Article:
Frequently Asked Questions

Why is this research being done?

There are no drugs of proven value against COVID-19 although there are several which may turn out to be helpful (or possibly harmful) when added to the usual standard of care. This study aims to find out whether any of these additional treatments are of any help.

What is the purpose of this study?

This study aims to compare several different treatments that may be useful for patients with COVID-19. Although these treatments show promise, nobody knows if any of them will turn out to be more effective in helping patients recover than the usual standard of care at your hospital (which all patients will receive).

Who is doing this study?

The study is being led by Dr. Edward Mills and Kristian Thorlund from McMaster University and Cytel Inc., and locally organized by Dr. Gilmur Reis from Pontifical Catholic University of Minas Gerais in Brazil.

Who is being included in the study?

Adults aged between 18-80 years who have a confirmed SARS-CoV-2 infection, with test results within past 72 hours and/or adults who are at increased risk of developing severe COVID-19 disease.

What happens next if I agree to be included in this this study?

If you decide to join, you will be asked to sign the consent form. Next, brief details identifying you and answering a few questions about your health and medical conditions will be entered into a computer. The computer will then allocate you at random (like rolling a dice) to one of the possible treatment options. In all cases this will include the usual standard of care for your hospital. It may also include an additional treatment, which might be given by mouth, injection or inhalation. Neither you nor your doctors can choose which of these options you will be allocated. If your condition is severe or should deteriorate, then your doctors may choose to enter you into a second phase in which the computer will allocate you at random again to one of the further possible treatment options (in addition to your previous study treatment and always including usual standard of care for your hospital).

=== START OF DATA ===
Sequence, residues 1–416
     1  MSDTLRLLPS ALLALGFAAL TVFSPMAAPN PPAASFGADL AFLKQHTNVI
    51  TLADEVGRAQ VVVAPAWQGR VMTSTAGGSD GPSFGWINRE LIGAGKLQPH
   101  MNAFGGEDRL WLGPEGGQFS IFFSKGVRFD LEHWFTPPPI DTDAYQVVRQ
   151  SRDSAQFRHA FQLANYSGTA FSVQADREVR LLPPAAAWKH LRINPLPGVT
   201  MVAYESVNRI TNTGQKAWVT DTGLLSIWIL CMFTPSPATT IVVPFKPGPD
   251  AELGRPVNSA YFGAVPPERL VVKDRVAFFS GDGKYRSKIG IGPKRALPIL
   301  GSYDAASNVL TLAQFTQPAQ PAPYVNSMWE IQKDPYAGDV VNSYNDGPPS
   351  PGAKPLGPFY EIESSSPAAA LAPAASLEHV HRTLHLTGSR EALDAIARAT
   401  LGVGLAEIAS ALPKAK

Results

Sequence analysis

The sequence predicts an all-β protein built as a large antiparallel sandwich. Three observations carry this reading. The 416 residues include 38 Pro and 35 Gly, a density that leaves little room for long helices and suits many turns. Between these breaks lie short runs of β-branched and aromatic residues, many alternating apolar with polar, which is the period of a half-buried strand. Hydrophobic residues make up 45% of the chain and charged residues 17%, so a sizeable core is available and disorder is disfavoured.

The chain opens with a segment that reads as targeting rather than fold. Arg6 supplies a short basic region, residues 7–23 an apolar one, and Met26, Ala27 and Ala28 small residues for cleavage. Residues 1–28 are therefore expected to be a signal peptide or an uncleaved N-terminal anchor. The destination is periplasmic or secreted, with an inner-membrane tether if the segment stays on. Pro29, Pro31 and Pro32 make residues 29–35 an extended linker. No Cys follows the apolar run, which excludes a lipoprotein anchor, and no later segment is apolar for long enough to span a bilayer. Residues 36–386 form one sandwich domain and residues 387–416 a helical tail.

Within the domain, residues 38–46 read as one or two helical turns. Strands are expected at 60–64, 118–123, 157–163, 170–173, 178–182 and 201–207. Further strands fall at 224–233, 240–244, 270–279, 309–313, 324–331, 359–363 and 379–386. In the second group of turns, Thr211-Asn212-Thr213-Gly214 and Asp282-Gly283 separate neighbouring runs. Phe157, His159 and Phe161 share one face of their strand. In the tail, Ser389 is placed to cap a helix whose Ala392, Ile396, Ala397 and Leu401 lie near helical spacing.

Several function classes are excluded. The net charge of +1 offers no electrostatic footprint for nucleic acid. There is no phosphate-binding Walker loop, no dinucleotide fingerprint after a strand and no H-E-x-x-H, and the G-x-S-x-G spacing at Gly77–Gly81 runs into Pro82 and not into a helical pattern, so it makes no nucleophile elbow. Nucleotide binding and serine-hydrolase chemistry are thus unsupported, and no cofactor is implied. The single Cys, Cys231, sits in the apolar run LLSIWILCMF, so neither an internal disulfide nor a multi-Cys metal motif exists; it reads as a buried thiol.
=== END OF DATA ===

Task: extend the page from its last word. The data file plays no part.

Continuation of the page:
What are the possible benefits of this study?

We do not know if any of the treatments being tested will have additional benefits. Your study treatment may or may not help you personally, but this study should help future patients.

What are the possible risks of being in this study?

Apart from the known side effects of these treatments (which may include tummy upset, ‘flu-like symptoms, and blood test abnormalities), there is the unlikely possibility of a severe reaction to a study drug. Women who are pregnant may be included, however, the effect of some of the treatments on unborn babies is uncertain - although all the treatments have previously been used in pregnancy for other medical conditions without safety concerns being raised. If you do receive treatment and are not already pregnant, as a precaution, we advise that you should not get pregnant within 3 months of the completion of the trial treatment(s). Please ask your hospital doctor if you would like more information. Once you have been included in the study, you and your doctors will know which treatment the computer has allocated for you. Your doctors will be aware of whether there are any particular side effects that they should look out for.